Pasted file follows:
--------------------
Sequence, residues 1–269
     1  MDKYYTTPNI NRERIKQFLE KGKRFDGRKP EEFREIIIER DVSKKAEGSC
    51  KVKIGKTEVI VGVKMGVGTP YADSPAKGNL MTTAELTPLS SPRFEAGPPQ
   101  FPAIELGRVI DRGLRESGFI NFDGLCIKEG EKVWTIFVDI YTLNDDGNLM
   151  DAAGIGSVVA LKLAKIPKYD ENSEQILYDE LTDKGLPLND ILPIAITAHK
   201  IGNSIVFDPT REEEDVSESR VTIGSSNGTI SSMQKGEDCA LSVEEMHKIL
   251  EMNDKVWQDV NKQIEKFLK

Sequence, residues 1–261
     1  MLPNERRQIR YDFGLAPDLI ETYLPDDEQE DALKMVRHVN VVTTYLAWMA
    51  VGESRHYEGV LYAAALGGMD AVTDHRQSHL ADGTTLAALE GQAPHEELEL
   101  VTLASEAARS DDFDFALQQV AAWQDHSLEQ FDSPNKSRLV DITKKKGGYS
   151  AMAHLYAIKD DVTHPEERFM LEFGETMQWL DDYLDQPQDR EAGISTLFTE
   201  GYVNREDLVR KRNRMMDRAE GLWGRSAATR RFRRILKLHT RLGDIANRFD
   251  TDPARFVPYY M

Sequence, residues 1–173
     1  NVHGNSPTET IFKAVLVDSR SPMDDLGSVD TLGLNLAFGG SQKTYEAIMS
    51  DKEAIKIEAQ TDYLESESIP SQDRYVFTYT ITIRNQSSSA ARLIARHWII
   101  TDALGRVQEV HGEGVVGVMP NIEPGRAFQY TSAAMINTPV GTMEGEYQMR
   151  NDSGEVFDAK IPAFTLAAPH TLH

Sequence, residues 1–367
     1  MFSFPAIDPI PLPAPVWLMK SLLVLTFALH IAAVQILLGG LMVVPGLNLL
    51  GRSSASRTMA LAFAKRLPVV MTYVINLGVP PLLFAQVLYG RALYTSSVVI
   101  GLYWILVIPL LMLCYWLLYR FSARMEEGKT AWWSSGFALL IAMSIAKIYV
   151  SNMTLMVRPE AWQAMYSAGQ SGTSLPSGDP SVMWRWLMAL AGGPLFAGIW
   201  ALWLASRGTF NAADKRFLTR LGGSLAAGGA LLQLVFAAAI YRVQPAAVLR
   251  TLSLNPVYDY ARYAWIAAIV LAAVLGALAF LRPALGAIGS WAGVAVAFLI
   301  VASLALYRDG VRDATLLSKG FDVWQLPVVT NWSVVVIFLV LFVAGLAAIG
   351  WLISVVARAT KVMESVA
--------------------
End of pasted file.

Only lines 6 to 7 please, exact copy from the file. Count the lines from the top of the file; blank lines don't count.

   201  IGNSIVFDPT REEEDVSESR VTIGSSNGTI SSMQKGEDCA LSVEEMHKIL
   251  EMNDKVWQDV NKQIEKFLK